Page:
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Jim Shaeffer quoted Howard Gardner and asked, following up on Howard's post
(I assume--I'm coming in late here, I think):
> Are questions and comments about a "value core" applicable to
> technical writing? If so, how?
I think they are quite applicable to any profession. In any event, to me the
value core of technical writing (and perhaps not coincidentally, of my
previous professions) has been to to "make sure that people get . . .
educated." Tech writing can have the added benefit of designing "excellent
and beautiful products," but I'll readily admit that doesn't always happen.
Back to the education side of it, in one of James Herriot's stories, he
writes about trying to diagnose a calf with a very odd ailment. (If you
haven't read any James Herriot, try it some time. Not only is he funny, he's
an excellent science writer. His descriptions of medical conditions and
treatments are incredibly clear.) James Herriot is reading through book
after book, trying to diagnose the calf. Finally, he comes across a pamphlet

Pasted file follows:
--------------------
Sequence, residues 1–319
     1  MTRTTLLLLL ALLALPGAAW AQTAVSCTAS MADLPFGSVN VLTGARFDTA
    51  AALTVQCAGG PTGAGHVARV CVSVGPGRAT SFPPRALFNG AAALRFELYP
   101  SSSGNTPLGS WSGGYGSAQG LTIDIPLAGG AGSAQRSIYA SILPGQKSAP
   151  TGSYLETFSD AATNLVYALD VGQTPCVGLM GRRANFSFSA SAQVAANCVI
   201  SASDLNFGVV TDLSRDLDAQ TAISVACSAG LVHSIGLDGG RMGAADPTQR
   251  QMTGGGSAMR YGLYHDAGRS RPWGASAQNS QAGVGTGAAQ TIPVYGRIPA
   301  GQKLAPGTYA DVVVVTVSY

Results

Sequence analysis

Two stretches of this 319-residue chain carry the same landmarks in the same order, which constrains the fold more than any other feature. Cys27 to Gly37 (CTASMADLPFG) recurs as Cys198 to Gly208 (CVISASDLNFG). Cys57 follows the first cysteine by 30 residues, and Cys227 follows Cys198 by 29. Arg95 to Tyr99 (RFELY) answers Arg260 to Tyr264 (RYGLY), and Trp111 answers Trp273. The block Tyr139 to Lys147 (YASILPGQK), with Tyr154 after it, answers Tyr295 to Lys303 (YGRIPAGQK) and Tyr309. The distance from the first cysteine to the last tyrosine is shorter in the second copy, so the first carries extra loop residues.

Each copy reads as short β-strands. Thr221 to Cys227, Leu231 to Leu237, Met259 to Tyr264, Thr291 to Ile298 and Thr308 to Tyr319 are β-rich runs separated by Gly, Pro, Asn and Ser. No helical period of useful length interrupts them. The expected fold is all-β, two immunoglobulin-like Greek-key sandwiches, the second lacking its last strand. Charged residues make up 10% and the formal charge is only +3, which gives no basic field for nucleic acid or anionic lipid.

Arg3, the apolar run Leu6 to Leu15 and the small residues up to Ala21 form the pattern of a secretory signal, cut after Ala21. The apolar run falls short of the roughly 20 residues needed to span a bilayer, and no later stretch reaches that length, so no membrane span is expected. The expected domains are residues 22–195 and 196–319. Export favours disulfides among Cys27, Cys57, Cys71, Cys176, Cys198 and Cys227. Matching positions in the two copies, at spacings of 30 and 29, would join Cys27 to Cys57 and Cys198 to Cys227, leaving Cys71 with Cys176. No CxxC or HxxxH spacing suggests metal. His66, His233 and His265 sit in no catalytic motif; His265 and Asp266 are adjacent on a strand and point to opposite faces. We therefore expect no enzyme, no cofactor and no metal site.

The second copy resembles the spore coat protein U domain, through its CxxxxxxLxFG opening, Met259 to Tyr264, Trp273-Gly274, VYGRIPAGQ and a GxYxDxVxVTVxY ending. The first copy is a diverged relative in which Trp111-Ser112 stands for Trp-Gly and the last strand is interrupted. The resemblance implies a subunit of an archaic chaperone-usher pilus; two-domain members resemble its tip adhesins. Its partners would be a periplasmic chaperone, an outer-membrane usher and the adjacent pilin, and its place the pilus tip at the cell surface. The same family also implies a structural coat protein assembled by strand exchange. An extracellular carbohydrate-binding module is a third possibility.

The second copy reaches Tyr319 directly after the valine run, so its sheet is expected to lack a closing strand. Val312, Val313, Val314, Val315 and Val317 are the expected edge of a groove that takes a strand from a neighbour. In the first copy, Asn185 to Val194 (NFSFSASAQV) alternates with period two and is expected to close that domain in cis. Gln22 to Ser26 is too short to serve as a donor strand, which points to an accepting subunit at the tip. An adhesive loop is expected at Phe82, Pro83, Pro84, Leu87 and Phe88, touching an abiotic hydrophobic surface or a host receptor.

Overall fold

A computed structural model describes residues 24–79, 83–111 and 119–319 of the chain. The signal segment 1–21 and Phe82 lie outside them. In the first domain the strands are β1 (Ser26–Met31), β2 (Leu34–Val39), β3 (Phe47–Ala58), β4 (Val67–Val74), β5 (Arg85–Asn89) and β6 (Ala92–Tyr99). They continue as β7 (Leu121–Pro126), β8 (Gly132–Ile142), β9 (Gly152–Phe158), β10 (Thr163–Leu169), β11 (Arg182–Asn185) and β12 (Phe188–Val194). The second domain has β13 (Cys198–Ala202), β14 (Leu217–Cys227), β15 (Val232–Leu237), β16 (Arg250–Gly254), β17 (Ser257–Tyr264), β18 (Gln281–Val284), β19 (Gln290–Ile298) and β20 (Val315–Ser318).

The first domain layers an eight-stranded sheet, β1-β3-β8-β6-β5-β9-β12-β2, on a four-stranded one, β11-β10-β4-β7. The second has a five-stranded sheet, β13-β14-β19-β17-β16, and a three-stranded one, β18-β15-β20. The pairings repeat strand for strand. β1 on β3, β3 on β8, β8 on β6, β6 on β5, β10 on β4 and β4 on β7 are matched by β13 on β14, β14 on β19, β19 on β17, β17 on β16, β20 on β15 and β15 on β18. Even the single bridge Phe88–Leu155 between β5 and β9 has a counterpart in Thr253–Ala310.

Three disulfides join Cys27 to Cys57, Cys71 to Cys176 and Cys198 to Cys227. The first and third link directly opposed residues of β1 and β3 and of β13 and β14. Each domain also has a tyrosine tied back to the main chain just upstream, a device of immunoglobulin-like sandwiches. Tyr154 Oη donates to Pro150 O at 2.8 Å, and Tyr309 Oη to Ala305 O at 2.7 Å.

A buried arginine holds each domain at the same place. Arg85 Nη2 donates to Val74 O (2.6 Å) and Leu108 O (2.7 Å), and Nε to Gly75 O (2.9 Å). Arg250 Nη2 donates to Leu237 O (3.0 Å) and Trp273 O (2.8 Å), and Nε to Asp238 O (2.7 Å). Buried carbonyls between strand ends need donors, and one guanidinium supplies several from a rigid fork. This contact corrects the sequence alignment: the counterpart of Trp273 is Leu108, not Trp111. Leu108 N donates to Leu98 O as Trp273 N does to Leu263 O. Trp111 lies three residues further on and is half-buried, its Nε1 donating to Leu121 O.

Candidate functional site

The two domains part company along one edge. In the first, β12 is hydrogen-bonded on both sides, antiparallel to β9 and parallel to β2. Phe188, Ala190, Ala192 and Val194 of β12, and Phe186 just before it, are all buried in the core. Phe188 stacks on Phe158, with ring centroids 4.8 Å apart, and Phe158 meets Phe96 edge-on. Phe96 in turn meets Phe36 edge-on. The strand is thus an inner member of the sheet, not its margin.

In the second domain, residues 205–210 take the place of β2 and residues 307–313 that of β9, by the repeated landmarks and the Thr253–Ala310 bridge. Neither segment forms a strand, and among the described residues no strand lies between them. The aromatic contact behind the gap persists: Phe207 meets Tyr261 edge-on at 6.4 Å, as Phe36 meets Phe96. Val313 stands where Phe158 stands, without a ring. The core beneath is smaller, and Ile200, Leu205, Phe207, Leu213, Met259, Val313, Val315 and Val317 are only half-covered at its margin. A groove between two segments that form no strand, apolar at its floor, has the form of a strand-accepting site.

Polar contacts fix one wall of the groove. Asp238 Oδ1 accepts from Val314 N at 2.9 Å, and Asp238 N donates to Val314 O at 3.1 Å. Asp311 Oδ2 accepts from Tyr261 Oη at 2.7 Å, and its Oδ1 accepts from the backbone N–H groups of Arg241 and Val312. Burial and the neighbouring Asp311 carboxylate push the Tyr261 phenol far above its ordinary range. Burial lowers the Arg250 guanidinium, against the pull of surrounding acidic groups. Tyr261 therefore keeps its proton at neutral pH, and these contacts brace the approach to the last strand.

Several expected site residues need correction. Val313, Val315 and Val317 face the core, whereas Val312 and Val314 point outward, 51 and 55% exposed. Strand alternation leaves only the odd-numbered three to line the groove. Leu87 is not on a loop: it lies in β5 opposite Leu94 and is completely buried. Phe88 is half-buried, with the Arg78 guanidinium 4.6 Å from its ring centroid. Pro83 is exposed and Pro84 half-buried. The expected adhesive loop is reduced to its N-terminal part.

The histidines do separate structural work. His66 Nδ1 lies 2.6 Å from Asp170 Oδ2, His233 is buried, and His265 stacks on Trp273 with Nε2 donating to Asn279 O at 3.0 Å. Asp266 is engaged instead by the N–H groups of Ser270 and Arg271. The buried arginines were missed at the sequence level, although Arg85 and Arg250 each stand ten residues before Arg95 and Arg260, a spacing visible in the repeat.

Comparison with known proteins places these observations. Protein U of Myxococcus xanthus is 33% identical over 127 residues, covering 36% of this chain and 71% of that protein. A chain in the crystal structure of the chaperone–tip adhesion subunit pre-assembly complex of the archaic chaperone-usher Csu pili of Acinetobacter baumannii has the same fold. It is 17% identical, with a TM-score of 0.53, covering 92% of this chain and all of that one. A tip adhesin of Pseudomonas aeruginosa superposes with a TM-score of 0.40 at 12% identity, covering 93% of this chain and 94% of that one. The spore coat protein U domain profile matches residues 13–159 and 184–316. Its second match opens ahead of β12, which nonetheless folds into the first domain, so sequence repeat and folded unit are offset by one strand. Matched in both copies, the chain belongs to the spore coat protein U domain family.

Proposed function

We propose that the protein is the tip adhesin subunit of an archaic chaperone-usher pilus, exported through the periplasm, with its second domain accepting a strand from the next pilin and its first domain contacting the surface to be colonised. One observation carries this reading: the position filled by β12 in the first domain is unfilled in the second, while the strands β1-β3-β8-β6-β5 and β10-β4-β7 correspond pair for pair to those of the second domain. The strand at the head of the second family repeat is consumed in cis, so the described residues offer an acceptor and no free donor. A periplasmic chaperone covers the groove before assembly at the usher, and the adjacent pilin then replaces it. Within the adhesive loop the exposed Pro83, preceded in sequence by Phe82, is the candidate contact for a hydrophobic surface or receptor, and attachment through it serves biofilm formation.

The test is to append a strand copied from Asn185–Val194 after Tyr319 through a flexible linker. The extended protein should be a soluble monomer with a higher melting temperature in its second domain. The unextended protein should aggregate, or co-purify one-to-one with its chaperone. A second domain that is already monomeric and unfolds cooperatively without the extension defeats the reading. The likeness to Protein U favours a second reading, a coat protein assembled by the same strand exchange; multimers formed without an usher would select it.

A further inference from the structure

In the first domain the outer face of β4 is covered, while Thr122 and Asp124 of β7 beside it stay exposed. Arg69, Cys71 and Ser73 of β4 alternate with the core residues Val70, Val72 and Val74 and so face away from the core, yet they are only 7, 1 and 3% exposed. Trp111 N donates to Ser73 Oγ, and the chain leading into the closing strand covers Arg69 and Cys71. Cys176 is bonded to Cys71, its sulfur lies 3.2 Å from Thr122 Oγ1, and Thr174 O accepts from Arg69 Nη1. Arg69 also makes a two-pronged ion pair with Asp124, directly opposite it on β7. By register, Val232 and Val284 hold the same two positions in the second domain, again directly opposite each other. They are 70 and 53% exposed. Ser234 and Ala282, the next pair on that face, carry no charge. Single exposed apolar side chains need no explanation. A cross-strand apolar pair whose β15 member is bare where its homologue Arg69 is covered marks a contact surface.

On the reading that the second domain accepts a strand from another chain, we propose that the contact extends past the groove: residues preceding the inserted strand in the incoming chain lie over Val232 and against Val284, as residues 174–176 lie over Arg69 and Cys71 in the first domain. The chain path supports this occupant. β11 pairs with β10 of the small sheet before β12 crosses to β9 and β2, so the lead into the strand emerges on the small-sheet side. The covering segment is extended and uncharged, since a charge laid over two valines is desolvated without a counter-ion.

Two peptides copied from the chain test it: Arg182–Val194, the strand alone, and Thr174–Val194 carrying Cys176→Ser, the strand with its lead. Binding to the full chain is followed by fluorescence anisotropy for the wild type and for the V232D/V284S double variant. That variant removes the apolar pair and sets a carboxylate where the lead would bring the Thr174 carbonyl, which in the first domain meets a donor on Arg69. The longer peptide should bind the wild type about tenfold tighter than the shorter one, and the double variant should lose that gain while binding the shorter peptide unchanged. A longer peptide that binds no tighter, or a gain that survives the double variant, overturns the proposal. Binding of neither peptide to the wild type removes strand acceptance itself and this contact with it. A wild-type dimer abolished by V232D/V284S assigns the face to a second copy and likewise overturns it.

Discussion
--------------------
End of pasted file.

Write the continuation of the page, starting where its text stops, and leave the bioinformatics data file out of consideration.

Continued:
from his university days. It describes exactly the symptoms of this calf,
and how to treat the illness. He says something along the lines of "I felt
as if the writer of the pamphlet were right there, hand on my shoulder,
pointing to the answer in the pamphlet saying 'Here's the answer you've been
I like to think that somewhere out there, somebody reads a document I wrote
and says the same thing: "here's the answer I was looking for." We writers
don't get to see that man or woman, but once in a while, if we're lucky, we
get some nice feedback from customers about the "good documentation" we
At any rate, that's part of my "value core" for this profession.
FarPoint Technologies, Inc.
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